Fausel House and Brewery


Home of El Dorado Arts Council

The Fausel House was built in 1861 by German pioneer Frederick Giebenhain, next to his Giebenhain and Sons Brewery. In 1902, his daughter Mary married Emil Fausel. The Fausel family ran the brewery until Prohibition shut down operations in 1920; however, they continued to own and occupy the house.

Before its 2007 renovation, the Fausel House was Placerville’s oldest residential building, built by Frederick Giebenhain, a German emigrant who, riding the flood wave of gold euphoria, came to California in 1853. In 1857, Giebenhain purchased the nearby Mountain Brewery. An astute businessman, he recognized that a fortune could be made catering to the citizens of the newly minted city of Placerville, a boomtown that was not only the county seat but also home to some 200 businesses—boarding houses, liveries, saloons, and stores.

Fausel House - Exterior
Fausel House, 2017

The Mountain Brewery thrived and in just three years, Frederick had become one of Placerville’s most prosperous businessmen, a status that afforded him the luxury of building a two-and-a-half story brick house next door to the brewery. Daughter Mary wed Emil Fausel, who joined the family as a business partner in the brewing business. In 1913, Emil and Mary Fausel moved into the original family home, thus establishing both the Fausel House name and Placerville’s Fausel dynasty. Members of the Fausel family still live in Placerville and own Placerville Hardware, the oldest hardware store west of the Mississippi.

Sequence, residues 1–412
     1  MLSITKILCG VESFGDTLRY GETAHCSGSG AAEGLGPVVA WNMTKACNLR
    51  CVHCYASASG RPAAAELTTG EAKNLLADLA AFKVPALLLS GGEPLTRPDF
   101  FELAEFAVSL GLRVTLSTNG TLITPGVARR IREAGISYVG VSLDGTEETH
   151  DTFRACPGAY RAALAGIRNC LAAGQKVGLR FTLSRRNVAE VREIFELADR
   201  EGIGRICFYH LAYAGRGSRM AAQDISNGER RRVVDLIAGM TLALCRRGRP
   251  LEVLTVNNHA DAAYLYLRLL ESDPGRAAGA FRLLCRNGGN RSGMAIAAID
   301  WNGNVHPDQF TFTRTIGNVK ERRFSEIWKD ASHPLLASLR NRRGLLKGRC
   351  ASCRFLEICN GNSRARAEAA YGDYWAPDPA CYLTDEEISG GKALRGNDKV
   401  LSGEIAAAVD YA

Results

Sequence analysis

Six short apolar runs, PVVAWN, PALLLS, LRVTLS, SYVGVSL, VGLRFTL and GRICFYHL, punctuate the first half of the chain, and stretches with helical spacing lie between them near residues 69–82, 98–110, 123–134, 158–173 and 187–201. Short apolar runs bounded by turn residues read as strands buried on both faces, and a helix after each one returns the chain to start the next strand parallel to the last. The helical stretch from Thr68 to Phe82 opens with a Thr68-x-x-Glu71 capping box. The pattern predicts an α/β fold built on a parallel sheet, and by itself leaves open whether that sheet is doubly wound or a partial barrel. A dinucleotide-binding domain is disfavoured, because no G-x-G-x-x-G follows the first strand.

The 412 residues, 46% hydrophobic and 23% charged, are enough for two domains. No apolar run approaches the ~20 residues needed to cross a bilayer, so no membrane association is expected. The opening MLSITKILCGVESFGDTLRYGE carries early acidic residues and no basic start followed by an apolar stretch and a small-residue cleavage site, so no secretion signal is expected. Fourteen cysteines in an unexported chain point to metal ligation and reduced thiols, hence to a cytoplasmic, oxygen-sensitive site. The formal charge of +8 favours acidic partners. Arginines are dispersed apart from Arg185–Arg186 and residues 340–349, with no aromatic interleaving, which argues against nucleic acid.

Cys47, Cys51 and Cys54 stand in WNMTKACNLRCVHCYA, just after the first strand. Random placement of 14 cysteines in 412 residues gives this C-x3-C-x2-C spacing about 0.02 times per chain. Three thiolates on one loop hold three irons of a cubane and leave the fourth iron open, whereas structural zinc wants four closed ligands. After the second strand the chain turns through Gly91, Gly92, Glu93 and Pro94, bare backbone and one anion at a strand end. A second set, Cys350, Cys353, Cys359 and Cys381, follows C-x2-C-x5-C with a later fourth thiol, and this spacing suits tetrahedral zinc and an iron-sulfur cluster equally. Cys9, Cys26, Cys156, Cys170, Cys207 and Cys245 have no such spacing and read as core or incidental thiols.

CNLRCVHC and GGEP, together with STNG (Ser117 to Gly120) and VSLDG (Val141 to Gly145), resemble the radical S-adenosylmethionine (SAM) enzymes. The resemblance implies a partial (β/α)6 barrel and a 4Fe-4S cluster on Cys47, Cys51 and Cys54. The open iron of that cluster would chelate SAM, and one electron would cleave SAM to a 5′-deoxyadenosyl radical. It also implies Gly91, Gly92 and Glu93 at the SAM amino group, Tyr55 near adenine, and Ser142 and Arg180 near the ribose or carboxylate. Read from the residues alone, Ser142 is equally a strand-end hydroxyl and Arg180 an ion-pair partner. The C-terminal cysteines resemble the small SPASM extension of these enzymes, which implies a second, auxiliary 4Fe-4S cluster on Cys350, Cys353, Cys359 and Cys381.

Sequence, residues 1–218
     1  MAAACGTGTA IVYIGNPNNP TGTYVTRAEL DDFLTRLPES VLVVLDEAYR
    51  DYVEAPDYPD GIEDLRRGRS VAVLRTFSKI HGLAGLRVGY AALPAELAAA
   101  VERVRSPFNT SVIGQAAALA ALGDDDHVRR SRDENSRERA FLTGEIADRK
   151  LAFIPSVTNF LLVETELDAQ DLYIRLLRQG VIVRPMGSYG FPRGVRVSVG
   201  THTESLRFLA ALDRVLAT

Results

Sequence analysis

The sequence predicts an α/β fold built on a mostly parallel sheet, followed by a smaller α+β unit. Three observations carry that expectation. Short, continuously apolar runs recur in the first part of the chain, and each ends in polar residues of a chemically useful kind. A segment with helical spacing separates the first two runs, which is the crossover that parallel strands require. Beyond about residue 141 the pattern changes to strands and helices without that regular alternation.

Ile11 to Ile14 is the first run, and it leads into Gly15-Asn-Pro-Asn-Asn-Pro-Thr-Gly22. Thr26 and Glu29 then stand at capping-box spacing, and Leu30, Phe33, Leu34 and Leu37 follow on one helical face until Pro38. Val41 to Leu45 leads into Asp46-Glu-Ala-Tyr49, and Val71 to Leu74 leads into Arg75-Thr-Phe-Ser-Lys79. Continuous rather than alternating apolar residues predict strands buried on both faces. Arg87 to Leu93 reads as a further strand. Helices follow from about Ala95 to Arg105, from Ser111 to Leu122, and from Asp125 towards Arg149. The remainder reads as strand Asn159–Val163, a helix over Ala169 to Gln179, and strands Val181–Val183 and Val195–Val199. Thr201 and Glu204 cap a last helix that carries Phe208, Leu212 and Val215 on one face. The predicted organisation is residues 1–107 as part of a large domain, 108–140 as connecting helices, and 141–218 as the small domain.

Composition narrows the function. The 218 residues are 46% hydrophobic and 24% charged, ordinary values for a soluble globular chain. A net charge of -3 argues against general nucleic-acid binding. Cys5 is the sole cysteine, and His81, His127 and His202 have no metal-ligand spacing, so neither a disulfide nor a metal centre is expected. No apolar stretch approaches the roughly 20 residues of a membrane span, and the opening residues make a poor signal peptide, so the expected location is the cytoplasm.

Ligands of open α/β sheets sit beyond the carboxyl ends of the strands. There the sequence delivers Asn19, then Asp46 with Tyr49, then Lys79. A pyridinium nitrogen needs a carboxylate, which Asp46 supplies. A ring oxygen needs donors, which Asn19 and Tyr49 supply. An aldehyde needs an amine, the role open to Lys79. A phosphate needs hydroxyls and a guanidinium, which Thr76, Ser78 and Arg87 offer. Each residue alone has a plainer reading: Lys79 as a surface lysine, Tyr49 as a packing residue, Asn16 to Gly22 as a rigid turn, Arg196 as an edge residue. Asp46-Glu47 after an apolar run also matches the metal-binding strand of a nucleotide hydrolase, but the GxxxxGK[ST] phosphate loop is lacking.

For 62 years, the Mountain Brewery sold and delivered steam beer throughout California and Nevada, going on to capture medals at two world’s fairs. However, the National Prohibition Act signaled the Mountain Brewery’s end, forcing it to close its doors in 1918. The Fausel House survived, providing a home for three generations of Fausels. Now listed on the California Register of Historic Places, the Fausel House has undergone an extensive renovation. ANOVA Architects in collaboration with Carter-Kelley brought the structure up to current building code with structural and seismic upgrades, rebuilding porches, replacing limestone mortar, preserving woodwork, and shoring up the walls with an internal skeleton. The entire house was also moved and rotated 24 feet so that its front door now faces directly onto Pacific Street, a process that took three days. Flanked on either side by LEED certified professional buildings, the Fausel House’s historical, elegant lines serve as a classic counterpoint to the ultra-modern architecture flanking it.

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